Creating A Faith Based Community Garden – Much to Reflect On

Time to plant seeds

Time to plant seeds

Garden season is underway here in the Pacific NW. I have already planted lettuce, spinach, Chinese greens, mesculin mix, cabbages, cauliflowers and peas inside on the front porch. This morning I emailed our burgeoning garden community of those keen to get their hands in the dirt. (If you would like to join us once a month for fellowship and a shared time of gardening please let me know.)

All of this has meant I am doing a lot of reflecting on creating a faith based community garden. There are some excellent websites and articles out there to help with this and I have blogged about them in previous years

More Resources for Creating a Faith Based Community Garden

Tips for Creating a Faith Based Community Garden – part 1

Tips For Creating a Faith Based Community Garden – part 2

This year my thoughts have revolved around the concept of community garden, especially in faith based gardens. So few encourage community. Sometimes the plots are even surrounded by fences that say in no uncertain terms – this is mine.  Often the work for tending the plots falls to one or two people who often religiously tend everyone else’s space. Sometimes the produce goes bad because people are too busy to harvest it.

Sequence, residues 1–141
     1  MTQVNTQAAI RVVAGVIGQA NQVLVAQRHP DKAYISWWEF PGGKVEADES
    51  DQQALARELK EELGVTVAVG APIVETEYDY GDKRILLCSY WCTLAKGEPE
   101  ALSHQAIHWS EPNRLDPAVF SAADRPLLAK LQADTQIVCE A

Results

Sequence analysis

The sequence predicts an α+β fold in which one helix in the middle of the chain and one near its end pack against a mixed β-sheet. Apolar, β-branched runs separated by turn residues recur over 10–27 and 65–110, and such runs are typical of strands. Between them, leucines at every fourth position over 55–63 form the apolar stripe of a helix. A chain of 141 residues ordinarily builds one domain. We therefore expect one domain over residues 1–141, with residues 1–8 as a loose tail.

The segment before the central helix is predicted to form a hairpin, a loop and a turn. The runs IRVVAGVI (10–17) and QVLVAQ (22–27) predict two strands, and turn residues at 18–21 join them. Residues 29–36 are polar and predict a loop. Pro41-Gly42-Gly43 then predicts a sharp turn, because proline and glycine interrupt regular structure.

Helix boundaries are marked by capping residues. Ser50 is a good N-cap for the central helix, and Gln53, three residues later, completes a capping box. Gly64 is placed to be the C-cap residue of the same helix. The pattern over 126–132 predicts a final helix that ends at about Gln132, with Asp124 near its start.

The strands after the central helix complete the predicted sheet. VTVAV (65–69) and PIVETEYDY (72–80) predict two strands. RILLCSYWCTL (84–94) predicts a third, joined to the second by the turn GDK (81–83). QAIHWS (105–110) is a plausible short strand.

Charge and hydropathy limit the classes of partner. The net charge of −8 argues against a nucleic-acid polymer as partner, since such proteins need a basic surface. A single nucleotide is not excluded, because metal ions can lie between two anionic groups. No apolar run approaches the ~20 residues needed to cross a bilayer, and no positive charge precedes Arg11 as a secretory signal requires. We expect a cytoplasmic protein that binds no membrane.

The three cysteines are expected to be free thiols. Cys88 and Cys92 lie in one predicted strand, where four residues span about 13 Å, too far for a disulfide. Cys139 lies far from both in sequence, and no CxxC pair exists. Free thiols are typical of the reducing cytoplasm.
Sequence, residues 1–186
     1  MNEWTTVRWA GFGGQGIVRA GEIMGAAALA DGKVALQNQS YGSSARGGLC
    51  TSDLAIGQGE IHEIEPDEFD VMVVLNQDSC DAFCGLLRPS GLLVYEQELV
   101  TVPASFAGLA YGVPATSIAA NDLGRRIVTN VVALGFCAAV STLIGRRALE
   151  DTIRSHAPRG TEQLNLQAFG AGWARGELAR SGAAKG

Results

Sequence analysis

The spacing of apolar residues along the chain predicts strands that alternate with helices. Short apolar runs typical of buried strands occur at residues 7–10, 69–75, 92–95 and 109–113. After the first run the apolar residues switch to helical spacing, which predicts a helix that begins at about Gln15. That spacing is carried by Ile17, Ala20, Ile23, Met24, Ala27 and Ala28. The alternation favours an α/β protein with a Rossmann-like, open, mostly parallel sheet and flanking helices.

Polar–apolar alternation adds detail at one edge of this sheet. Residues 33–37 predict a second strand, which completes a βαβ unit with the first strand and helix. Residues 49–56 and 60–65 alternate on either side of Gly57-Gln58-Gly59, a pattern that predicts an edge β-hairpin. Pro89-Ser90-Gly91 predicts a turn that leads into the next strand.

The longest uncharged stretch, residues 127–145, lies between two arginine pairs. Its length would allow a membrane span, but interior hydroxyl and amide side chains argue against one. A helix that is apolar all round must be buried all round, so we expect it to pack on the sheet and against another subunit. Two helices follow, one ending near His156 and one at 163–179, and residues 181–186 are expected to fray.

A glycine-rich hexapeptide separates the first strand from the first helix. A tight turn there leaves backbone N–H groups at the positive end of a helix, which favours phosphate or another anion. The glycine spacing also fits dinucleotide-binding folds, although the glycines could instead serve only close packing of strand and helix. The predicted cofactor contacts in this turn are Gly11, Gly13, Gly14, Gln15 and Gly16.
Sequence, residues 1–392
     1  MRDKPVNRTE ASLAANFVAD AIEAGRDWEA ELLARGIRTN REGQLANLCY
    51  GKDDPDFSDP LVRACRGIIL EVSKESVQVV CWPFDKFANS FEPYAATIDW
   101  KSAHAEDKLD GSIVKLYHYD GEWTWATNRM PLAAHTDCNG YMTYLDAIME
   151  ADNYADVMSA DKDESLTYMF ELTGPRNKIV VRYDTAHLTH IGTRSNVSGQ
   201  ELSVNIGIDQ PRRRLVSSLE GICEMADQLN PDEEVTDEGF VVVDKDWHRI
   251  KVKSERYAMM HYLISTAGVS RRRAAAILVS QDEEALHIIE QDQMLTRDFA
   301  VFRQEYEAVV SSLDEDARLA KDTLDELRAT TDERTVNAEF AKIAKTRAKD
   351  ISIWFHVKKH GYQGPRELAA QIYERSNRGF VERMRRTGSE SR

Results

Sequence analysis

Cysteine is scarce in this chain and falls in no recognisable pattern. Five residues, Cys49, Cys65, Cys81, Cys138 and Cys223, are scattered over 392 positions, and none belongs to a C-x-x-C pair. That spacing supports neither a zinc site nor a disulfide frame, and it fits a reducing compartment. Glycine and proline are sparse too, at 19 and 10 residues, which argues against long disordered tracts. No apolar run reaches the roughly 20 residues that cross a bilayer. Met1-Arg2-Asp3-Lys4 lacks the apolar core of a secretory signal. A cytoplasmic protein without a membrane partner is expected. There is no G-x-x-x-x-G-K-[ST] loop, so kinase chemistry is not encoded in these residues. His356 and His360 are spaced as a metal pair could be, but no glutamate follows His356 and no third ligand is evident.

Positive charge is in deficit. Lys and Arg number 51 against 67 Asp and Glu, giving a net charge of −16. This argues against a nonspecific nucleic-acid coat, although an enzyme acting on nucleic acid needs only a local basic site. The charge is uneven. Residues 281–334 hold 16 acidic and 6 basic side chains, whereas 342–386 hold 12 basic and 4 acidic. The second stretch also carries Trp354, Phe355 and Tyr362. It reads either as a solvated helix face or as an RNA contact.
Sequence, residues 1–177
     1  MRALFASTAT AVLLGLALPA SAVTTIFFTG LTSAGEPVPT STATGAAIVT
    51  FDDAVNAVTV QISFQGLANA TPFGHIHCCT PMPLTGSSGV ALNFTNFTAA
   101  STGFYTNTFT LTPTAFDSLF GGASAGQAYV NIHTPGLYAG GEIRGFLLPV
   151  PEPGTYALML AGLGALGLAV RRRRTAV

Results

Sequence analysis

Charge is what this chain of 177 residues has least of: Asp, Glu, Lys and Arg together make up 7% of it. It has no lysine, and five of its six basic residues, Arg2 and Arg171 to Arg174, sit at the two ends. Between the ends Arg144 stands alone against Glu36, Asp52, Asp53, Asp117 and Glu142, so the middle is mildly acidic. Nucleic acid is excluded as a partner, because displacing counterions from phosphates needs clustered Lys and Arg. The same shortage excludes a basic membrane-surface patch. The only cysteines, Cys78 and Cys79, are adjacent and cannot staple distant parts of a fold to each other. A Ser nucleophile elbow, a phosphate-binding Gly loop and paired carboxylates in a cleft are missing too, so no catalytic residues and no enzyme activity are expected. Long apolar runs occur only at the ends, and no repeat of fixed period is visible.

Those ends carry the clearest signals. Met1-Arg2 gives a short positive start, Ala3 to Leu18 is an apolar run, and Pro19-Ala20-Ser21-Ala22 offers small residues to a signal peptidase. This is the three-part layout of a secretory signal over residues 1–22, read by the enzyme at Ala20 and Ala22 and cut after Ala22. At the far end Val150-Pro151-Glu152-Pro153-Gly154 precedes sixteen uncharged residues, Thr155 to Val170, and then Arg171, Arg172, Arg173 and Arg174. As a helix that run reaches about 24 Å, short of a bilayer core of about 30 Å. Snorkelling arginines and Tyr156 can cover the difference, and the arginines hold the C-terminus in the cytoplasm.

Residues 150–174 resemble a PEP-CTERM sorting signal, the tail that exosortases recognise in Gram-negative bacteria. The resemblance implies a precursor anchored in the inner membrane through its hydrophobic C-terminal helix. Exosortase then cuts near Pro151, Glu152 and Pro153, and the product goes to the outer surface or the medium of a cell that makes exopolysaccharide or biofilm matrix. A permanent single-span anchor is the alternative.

For me there are three must do requirements for a faith based community garden:

  1. Create community. One church I heard of invited the congregation out into the garden once a month after the morning service to help weed and tend the crops. That truly is a community garden. For us at the Mustard Seed House inviting others to our monthly garden days has increased the feel of community and extended it to a broader community as well. Sometimes we can also create a deeper sense of community with our neighbours just by being out in the front yard, and when a church plants a garden in its front yard and the neighbours walk past it makes a statement about the congregation’s concern for their community too.
  2. Create a sacred space. Every garden should have a sacred space. At the least this should be a place that invites us to sit and enjoy the beauty of God’s creation. It should stir all the senses of sight, sound, taste, feel and smell. I will reflect on this more later in the week
  3. Provide opportunities to share. The garden has taught me much about the economic views of our God who provides abundantly far more than we can ever use on our own. This abundance is meant to be shared – with the marginalized in gifts to food banks and community kitchens as well as with our friends and neighbours in harvest celebrations. So make sure that you plan at least one garden party this year where the garden produce has pride of place in the food on the table.